USA v. Derrik Hagerman
United States Court of Appeals
For the Seventh Circuit
Nos. 07-3874, 07-3875 U NITED STATES OF A MERICA, Plaintiff-Appellee, v.
D ERRIK H AGERMAN and W ABASH ENVIRONMENTAL TECHNOLOGIES, LLC, Defendants-Appellants.
Appeals from the United States District Court for the Southern District of Indiana, Indianapolis Division. No. 1:06CR00139--David F. Hamilton, Chief Judge.
SUBMITTED N OVEMBER 13, 2008--D ECIDED D ECEMBER 5, 2008
Before POSNER, ROVNER, and EVANS, Circuit Judges. POSNER, Circuit Judge. The defendants, Wabash Environmental Technologies, LLC, and its president, Hagerman, were convicted of making false statements in violation of the Clean Water Act, and they appeal. We affirm the judgments in an unpublished order issued today, and
Nos. 07-3874, 07-3875
limit this opinion to a threshold issue that happens to be the single point of novelty in the appeals. In previous appeals by these parties in a related civil case, we ruled that a limited liability company (which Wabash is), like a corporation, cannot litigate in a federal court unless it is represented by a lawyer. United States v. Hagerman, 545 F.3d 579, 581-82 (7th Cir. 2008) ("the right to conduct business in a form that confers privileges, such as the limited personal liability of the owners for tort or contract claims against the business, carries with it obligations one of which is to hire a lawyer if you want to sue or defend on behalf of the entity. Pro se litigation is a burden on the judiciary, and the burden is not to be borne when the litigant has chosen to do business in entity form. He must take the burdens with the benefits" (citations omitted)). See generally Jones v. Niagara Frontier Transportation Authority, 722 F.2d 20 (2d Cir. 1983). In the present case Wabash was represented by a lawyer both in the district court and in this court. The lawyer filed both an opening brief and a reply brief on behalf of the company. But then Hagerman fired the lawyer, who moved us for leave to withdraw from the case, which we granted. The question is whether, even though Wabash's appeal has been fully briefed, we should dismiss it because Wabash is no longer represented and, not being a natural person, cannot litigate in federal court unless it is represented. We cannot find a case that has addressed this issue. The nearest is Dial-A-Mattress Franchise Corp. v. Page, 880 F.2d 675 (2d Cir. 1989). The district court had entered a preliminary injunction against trademark infringement and
Nos. 07-3874, 07-3875
related business torts by the defendant, Page. A week before the appeal was argued, Page incorporated his business. While noting that corporations are not permitted to appear pro se and that ordinarily "this would preclude Page, who is not an attorney, from pursuing this appeal on behalf of" the corporation, the court of appeals ruled that because the injunction was "targeted at Page personally" and not his company, and "because Page has a right to appear on his own behalf to appeal an injunction that orders him personally to take specific action," the appeal could proceed without counsel. Id. at 677. He was, after all, the appellant, and the incorporation was irrelevant to the appeal. The usual course when a litigant not entitled to litigate pro se loses its lawyer in the midst of the case is to give it a reasonable opportunity to find a new one, Pecarsky v. Galaxiworld.com Ltd., 249 F.3d 167, 171-73 (2d Cir. 2001); Bristol Petroleum Corp. v. Harris, 901 F.2d 165, 166-68 (D.C. Cir. 1990); United States v. 9.19 Acres of Land, 416 F.2d 1244 (6th Cir. 1969) (per curiam), and, if it fails, either to dismiss the case, Scandia Down Corp. v. Euroquilt, Inc., 772 F.2d 1423, 1427 (7th Cir. 1985); In re Bigelow, 179 F.3d 1164 (9th Cir. 1999); Palazzo v. Gulf Oil Corp., 764 F.2d 1381, 1386 (11th Cir. 1985), or enter a default judgment. Employee Painters' Trust v. Ethan Enters., Inc., 480 F.3d 993, 998 (9th Cir. 2007); Grace v. Bank Leumi Trust Co., 443 F.3d 180, 192 (2d Cir. 2006). Hagerman fired Wabash's lawyer, who was also his lawyer, months ago, and by now it is clear that he has no intention of hiring a new one. Since Wabash (controlled by Hagerman) has therefore refused without excuse to find a new lawyer, we would be justified in dismissing its appeal.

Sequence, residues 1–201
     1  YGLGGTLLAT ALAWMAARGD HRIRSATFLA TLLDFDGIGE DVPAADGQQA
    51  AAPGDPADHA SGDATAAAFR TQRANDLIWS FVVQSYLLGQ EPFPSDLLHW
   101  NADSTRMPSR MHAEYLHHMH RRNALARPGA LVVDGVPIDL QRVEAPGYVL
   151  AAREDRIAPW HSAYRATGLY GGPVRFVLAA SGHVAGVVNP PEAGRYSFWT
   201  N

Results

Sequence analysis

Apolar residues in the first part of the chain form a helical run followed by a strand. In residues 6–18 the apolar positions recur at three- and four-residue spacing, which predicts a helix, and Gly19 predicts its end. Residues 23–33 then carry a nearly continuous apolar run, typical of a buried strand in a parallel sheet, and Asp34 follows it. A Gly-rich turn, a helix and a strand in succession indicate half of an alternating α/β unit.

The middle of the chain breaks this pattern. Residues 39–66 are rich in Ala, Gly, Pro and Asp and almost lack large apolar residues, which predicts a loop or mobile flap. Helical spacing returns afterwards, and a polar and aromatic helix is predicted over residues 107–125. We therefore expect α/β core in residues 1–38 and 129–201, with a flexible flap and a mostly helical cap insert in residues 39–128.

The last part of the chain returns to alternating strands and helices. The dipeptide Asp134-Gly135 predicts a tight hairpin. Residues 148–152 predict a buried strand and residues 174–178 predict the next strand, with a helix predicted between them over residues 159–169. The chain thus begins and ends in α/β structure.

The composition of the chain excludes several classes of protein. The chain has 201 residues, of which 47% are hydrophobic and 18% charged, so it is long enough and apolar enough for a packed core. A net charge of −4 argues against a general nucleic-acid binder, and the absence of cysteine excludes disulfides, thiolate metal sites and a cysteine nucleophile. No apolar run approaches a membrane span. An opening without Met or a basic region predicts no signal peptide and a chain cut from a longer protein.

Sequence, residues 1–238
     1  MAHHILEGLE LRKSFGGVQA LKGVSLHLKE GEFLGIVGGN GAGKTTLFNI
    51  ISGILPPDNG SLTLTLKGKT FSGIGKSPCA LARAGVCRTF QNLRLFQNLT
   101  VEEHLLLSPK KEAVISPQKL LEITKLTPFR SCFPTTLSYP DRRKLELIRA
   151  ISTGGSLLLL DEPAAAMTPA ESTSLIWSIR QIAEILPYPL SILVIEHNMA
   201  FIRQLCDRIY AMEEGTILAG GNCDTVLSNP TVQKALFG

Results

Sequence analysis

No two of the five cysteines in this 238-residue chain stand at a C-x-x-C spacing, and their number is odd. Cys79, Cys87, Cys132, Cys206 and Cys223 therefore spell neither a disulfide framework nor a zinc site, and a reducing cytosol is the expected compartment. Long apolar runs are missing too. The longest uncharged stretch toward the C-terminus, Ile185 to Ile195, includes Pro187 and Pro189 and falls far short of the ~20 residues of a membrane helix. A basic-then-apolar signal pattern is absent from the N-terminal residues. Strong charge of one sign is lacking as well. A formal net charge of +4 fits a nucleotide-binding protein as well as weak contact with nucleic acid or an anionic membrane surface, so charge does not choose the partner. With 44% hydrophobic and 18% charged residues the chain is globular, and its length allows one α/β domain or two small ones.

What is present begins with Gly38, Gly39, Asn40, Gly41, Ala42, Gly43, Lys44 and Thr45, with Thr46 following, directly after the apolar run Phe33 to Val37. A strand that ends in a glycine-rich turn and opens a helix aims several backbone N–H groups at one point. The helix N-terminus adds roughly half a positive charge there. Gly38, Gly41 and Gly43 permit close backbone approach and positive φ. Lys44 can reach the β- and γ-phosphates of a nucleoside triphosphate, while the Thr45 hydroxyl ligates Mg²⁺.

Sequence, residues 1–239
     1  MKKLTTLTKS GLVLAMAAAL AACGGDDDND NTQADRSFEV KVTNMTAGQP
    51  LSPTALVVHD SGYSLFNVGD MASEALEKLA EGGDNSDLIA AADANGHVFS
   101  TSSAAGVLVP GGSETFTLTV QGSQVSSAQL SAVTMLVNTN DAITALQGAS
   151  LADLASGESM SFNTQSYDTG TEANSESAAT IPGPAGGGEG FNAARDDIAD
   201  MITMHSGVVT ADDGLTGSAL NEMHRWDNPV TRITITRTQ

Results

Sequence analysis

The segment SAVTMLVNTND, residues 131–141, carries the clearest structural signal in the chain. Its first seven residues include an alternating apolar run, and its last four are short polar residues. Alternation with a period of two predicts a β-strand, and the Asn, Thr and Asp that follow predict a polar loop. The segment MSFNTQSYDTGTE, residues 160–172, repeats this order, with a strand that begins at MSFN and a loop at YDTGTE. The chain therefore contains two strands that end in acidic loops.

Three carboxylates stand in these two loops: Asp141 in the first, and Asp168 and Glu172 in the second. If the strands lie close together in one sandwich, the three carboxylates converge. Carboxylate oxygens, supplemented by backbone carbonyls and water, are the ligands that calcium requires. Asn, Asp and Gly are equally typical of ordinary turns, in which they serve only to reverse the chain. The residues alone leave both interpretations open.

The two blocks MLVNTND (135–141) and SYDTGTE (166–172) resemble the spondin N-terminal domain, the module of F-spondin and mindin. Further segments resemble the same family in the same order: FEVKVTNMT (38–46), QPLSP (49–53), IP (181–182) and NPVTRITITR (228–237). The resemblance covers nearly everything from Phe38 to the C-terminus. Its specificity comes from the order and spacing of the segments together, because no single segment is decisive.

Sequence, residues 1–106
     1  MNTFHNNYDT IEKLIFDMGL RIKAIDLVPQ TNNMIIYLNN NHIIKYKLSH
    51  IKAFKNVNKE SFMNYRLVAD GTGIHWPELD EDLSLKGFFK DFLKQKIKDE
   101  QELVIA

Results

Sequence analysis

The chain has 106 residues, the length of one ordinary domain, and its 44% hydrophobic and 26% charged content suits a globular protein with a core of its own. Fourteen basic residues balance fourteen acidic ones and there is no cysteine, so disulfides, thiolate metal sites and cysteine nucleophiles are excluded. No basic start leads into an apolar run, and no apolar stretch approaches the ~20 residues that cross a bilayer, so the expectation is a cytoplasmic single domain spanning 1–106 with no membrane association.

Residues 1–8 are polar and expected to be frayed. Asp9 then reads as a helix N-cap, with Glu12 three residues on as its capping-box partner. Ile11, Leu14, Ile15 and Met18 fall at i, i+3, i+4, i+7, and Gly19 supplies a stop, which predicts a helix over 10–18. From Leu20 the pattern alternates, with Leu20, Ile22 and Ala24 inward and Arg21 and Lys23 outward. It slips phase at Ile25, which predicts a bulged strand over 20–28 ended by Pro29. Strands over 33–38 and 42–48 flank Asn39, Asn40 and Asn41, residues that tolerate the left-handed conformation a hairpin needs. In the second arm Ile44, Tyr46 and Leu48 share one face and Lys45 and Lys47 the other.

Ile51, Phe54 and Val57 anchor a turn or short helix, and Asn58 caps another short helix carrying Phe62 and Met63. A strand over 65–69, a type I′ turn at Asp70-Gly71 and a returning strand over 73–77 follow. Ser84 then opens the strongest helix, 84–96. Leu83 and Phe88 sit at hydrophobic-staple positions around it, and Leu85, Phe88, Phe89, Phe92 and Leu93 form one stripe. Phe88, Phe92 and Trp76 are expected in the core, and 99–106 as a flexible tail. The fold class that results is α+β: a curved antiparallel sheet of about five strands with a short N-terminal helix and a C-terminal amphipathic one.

Nos. 07-3874, 07-3875
Justified, but not compelled. One way to treat a willful act by an appellant that constitutes a ground for dismissal is to treat the act as if it were a motion for a voluntary dismissal of the appeal, which the court can grant upon terms fixed by it, Fed. R. App. P. 42(b)--but doesn't have to grant at all. Wisconsin v. Ho-Chunk Nation, 463 F.3d 655, 658 (7th Cir. 2006); Albers v. Eli Lilly & Co., 354 F.3d 644, 646 (7th Cir. 2004) (per curiam); Michael v. Horn, 459 F.3d 411, 418 (3d Cir. 2006); Shellman v. United States Lines, Inc., 528 F.2d 675, 677-78 (9th Cir. 1975). In this case, with the appeal fully briefed and the merits free from doubt, we would be mistaken to grant the (imputed) motion. For that would allow Wabash to argue in future regulatory proceedings that the merits of its defense had never been fully adjudicated. We have thought it best, therefore, to affirm the judgment of the district court in order to lay to rest any doubt about the company's guilt. But it bears emphasis that at any point in a federal litigation at which a party that is not entitled to proceed pro se finds itself without a lawyer though given a reasonable opportunity to obtain one, the court is empowered to bar the party from further participation in the litigation. A FFIRMED.
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